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Sample Story from "The Master Weaver: Tales of the fantastic for grownups"

"Gift of the Sea" © Copyright 1995 Bronwyn Calder
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"The Master Weaver" has 17 stories and 1 poem, most of them new. 3 stories have been published before.
"Gift of the Sea" has appeared in:
Bennett, W and Hudson, P. (eds). (1995) Rutherford's Dreams: A New Zealand Science Fiction Collection. New Zealand: IPL Books.

Gift of the Sea

The city spread below us like a grey-black fungus on the beautiful rust yellow of the desert. It rose straight out of the sand - grey buildings tall, crooked like teeth, with windows like rotted holes black in the sun. The city crowded the shore of a flat oily green sea. It appeared to me as if no light escaped it.

"I don't think we should go down there," I said.

Willa laughed. "You worry too much, monster." She called me that when she was annoyed with me. "Stay here, then." And she walked off, down, stumbling and tripping in the deep sand. I watched her angry march, her head high, then I set off behind her, almost tumbling to her side. "I knew you'd come," she said, grinning widely, crinkling up her wind-freedom tattoos.

"I must protect you," I said.

She laughed, gently this time, and patted my horn. "Dear Ran." She had forgiven me.

* * * * * *

The road man put the idea in her head. "You headin' for the city?" he'd said, swinging the bar with which he was levering a boulder aside. He made his living charging travellers a fee for clearing the road.

"Which city?" I asked. They were scattered all about, dead places, full of rats, diseases and creatures that would knife you for your coat. Well, Willa and I would knife you for your coat, but only if one of us needed a new one.

"Down on the sea. They say there's a tribe down there. All settled. I seen lots goin' that way."

"A tribe?" Willa said. She kept a low profile around strangers. People were afraid of me and usually kept a respectful distance. But there weren't a lot of women wandering the roads. It paid to be inconspicuous.

"A tribe," he said. "Just the place for a nice little girl like you."

That was when she began to think of it. A tribe. Her own tribe were all dead. She remembered her mother, she told me, mainly the bird and the wind that danced on her face - the bird in the corner of her left eye crinkling up and nearly disappearing when she smiled, and the wind, a streak on her right. Willa had the same tattoos.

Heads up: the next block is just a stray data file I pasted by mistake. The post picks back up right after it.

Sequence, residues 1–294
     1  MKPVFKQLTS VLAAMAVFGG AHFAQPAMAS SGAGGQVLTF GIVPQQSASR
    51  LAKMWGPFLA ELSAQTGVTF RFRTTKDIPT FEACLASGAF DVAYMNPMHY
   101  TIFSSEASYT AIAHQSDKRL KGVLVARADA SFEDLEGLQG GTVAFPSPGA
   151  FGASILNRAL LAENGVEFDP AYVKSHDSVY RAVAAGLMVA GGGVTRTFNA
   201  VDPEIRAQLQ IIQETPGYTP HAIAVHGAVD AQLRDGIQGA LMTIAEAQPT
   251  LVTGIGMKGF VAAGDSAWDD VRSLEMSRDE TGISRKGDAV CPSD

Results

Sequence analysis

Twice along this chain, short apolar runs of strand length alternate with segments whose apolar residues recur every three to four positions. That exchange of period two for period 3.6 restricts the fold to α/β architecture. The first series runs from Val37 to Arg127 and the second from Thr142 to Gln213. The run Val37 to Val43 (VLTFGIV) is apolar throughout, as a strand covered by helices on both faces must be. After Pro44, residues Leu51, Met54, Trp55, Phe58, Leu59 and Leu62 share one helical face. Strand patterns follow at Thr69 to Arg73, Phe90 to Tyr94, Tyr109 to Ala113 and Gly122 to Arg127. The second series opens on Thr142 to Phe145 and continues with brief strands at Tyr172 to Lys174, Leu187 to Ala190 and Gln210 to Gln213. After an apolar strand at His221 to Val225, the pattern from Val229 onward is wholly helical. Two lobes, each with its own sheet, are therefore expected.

"Why do we seek the city?" I asked one night in the summer as we sat by our fire while the moon was high. I had heard many bad reports of the place. That very day a way-man, bent almost double under his load of fire wood, had told me the tribe in the city ate all those that came seeking them.

Willa sat before the fire, gazing into it. She poked at it with a bit of jolda stick. "I want ..." She wasn't looking at me. "I need a tribe." I couldn't recall her expressing a desire before for something that she couldn't just take.

"There are plenty of humans," I said.

"Vagrants, murderers, thieves. They'd cut your throat for that." She snapped her fingers.

"So would we," I said.

"I want what the birds have," she said, as the first bird of the morning gave a sharp cry.

"You want to fly?" I thought, for a moment, that she was talking about the tattoos on her face.

"I want a nest. I want my own people."

I never told her how she hurt me. I did not know, do not know, my own people. I don't think there are any others like me. She was my people.

I'm not human. I don't know what it means to be human. I don't know a lot of things that mattered to Willa but, whatever I am (and no one, including me, really knows) I didn't see why Willa couldn't be happy with me as she had been since I took her from the burning ruins of her home when she was five years old.